David Hall has the inaugural post.
One of the bigger Calvinpalooza events in celebration of Calvin’s 500th birthday is the Calvin500 Conference in Geneva, Switzerland next summer.
Sometimes it seems as if every message we hear is shouted and that we’re supposed to think that everything that happens is “huge.” Some are and some aren’t.
Westminster Seminary California is very happy to begin the year-long birthday bash for our favorite Reformer, John Calvin (1509-1564). We’re doing so with a conference 16-17 January, on the WSC campus, Calvin’s Legacy: Reforming the Church Today.
They’re just $2.00 per address at The Bookstore at WSC.
One upside of the economic downturn.
It’s depressing that I don’t qualify (45 and under) but you might. Details here.
Bob Godfrey, President and Professor of Church History at WSC has an excellent new book out just in time for Calvin’s 500th birthday: John Calvin: Pilgrim and Pastor. I’ll review it in this space later this month or early next month, Dv. . . . Continue reading →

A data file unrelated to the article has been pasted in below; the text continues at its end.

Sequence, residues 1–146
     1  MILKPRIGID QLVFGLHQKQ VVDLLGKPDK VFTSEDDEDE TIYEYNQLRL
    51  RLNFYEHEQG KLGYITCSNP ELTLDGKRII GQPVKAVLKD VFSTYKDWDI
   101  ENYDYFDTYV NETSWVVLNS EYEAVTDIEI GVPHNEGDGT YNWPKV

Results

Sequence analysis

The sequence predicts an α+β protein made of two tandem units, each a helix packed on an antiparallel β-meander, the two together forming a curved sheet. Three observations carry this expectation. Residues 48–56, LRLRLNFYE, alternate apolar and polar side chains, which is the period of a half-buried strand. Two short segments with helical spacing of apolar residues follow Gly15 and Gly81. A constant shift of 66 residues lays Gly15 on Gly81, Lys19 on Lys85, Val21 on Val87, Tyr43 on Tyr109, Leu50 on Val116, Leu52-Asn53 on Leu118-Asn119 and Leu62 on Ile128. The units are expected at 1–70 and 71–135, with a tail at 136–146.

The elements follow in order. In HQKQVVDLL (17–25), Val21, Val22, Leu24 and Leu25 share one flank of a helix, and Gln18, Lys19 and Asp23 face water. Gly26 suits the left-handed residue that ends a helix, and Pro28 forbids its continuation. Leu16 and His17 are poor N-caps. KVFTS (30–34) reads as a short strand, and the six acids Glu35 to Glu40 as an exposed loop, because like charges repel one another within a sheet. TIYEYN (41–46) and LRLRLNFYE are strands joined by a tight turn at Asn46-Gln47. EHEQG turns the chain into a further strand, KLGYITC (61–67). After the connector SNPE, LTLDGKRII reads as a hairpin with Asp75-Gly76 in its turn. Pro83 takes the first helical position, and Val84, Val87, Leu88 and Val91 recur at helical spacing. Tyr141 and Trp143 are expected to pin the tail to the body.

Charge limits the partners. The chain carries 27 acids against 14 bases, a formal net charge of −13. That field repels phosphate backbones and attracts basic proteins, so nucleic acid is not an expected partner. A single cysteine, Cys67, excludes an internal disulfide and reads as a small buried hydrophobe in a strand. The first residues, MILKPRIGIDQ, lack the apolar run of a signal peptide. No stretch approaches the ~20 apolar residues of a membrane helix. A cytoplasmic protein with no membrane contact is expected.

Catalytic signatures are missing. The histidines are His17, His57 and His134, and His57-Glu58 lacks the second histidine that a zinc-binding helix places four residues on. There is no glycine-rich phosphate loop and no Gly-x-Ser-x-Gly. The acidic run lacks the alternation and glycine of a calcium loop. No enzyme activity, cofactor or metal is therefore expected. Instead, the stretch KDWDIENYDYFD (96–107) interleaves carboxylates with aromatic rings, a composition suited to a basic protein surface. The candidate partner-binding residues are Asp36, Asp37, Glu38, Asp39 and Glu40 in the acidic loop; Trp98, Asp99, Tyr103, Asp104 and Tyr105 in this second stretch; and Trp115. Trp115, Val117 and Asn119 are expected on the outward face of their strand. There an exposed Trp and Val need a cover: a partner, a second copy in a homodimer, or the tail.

At Front Porch Republic.
The Calvin 500 planning committee has released the following revised schedule:
With no reference to our gracious Genevese hosts for the last 8 days I thought it would be fun to bring my experience of the 2009 Calvinpalooza to a close with a few more mundane observations. You know, of course, that Calvin . . . Continue reading →
at YT (HT: DGH)
Here (HT: David Hall)
Westminster Seminary California’s Bob Godfrey and the White Horse Inn’s Ken Jones are speaking at Glendale PCA on Saturday and Sunday. The schedule is here.
There’s a piece today on Calvin in the NYT. If you get to Geneva, be sure to visit the Museum of the Reformation, not far from St Pierre. It’s a fair piece and gives a sense of the ambivalence of the on . . . Continue reading →
The latest volume in the Calvin500 series is the publication of the conference papers delivered last summer in Geneva as part of the year-long celebration (Calvinpalooza) of John Calvin’s 500th birthday. This is a wide-ranging collection of essays by a diverse, international . . . Continue reading →